Although comparatively small, the Scandinavian countries are a mature and vital part of the European insurance landscape. Nick Thorpe investigates.
It is almost impossible to have a conversation about Scandinavia without a light peppering of familiar clichés such as “saunas”, “reindeer”, “snow” and “skiing”. But beyond the chilly climate and stereotypes lies a sophisticated Western market, incorporating stable economies and well developed insurance industries. The post-9/11 climate has seen a steady growth in non-life premiums and niche opportunities still exist for foreign players throughout the region.
With a mature live and run-off industry, Scandinavia is presenting itself as a region of opportunities. Although primarily focused on the traditional Scandinavian countries of Sweden, Norway and Denmark, this article will also incorporate facts and figures from the other Nordic countries – namely Finland and Iceland.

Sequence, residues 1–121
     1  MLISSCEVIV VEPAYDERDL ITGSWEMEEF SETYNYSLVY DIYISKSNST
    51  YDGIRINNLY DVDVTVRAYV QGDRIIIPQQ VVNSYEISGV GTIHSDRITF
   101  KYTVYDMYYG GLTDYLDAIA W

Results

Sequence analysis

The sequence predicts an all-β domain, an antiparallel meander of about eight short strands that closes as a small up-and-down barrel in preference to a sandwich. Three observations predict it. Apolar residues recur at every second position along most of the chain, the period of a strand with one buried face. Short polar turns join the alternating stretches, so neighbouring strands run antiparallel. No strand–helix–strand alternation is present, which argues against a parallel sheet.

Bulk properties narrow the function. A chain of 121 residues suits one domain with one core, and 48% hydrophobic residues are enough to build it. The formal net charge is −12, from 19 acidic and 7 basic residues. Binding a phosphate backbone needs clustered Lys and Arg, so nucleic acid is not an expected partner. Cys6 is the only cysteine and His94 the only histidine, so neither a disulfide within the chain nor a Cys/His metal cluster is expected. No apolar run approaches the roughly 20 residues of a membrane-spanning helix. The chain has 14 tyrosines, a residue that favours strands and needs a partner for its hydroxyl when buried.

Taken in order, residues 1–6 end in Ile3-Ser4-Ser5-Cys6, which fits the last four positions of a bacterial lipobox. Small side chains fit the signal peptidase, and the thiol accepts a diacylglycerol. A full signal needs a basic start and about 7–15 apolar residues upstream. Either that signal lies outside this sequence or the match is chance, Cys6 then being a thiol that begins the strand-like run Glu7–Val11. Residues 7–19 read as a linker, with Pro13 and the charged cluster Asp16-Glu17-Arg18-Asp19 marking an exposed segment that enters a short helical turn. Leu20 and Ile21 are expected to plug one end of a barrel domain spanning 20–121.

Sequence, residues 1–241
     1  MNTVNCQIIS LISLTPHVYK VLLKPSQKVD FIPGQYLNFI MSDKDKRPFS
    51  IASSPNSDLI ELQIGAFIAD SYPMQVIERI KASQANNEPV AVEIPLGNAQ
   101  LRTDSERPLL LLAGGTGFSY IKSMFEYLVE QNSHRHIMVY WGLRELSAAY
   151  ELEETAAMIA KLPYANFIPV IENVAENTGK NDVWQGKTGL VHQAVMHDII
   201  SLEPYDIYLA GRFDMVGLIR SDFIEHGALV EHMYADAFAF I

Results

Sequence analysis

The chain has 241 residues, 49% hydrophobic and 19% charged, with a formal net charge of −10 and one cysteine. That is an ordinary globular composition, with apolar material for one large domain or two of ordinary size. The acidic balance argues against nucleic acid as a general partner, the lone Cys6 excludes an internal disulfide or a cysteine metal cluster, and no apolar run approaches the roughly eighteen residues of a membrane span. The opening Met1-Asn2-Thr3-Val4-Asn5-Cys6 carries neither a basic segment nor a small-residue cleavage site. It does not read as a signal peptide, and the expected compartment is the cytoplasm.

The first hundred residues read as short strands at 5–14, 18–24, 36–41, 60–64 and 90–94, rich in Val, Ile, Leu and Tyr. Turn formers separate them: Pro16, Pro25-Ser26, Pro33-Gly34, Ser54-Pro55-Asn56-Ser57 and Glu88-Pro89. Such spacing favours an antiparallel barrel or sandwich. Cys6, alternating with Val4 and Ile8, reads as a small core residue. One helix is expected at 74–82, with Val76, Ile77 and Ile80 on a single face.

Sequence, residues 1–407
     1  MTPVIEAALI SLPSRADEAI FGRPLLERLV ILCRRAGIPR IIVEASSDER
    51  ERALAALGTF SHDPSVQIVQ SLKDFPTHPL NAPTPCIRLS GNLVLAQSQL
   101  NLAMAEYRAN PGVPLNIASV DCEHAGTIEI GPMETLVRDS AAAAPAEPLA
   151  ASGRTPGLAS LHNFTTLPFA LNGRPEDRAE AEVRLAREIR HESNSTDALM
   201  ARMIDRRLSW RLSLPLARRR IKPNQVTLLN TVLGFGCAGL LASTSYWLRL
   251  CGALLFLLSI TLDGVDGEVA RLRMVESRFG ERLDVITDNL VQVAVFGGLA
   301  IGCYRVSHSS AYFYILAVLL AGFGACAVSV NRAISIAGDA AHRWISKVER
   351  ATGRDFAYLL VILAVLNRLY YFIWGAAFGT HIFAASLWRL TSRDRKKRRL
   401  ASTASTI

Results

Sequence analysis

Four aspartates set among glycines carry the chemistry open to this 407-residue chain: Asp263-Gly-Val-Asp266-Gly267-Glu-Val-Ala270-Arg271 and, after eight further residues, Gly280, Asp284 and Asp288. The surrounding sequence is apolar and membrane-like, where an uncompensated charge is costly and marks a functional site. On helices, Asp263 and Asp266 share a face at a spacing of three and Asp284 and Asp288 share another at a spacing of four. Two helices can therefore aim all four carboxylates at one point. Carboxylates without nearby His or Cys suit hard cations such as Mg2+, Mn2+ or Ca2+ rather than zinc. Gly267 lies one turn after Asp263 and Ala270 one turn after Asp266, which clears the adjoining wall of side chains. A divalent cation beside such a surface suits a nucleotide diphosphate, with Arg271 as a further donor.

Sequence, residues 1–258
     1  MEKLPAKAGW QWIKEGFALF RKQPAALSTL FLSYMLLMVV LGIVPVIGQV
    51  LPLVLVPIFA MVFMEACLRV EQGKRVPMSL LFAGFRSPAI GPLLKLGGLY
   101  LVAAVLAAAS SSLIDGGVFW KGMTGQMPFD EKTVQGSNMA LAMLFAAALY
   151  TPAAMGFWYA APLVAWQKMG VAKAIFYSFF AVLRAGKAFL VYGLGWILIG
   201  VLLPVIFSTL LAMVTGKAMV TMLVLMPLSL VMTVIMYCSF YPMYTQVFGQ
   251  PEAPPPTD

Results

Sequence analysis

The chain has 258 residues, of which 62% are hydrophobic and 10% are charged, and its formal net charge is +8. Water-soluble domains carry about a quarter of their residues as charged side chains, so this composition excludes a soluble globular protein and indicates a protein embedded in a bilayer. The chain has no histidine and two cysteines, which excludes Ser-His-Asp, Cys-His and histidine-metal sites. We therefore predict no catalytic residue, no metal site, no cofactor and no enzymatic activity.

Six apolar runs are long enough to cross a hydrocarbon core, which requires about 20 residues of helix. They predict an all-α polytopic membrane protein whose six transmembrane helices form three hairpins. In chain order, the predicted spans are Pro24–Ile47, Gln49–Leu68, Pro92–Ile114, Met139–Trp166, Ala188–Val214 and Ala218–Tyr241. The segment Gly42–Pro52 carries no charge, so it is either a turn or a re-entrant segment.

There is a Danish proverb that says: “That which is desired by many is owned by few.” This saying is particularly relevant in the Nordic markets as each region is dominated by three to four large non-life players (see figure 1). Widespread consolidation has concentrated the market to an alarming extent, as one industry source put it, but new opportunities have not completely dried up. “There are definitely opportunities for outside players in the Nordic region,” explains Ove Staaf, general manager of Markel International Sweden. “Although the Scandinavian markets are well established and mature in terms of insurance, the opportunities are linked to niche areas such as liability, marine and aviation.”